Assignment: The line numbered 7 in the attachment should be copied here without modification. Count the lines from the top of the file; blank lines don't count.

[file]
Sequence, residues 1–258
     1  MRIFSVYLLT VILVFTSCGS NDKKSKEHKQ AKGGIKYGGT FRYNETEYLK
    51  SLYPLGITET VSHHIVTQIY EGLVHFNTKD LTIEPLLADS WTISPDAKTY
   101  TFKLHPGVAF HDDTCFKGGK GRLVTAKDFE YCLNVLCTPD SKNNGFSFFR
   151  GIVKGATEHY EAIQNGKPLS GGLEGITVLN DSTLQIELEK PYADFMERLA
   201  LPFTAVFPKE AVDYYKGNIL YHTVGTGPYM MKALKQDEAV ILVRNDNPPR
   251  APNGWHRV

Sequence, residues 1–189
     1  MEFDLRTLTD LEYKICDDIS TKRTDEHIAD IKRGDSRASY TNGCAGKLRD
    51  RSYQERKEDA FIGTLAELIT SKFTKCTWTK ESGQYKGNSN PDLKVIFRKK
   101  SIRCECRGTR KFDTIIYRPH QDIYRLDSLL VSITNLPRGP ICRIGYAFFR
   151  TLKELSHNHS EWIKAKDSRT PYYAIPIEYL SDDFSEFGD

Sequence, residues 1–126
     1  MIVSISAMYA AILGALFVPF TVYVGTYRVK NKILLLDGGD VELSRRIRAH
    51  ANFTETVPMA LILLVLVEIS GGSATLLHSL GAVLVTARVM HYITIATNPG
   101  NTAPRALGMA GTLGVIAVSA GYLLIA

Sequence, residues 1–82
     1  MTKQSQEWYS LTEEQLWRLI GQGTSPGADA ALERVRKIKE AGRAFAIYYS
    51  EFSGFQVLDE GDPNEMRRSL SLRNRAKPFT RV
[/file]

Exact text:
   251  APNGWHRV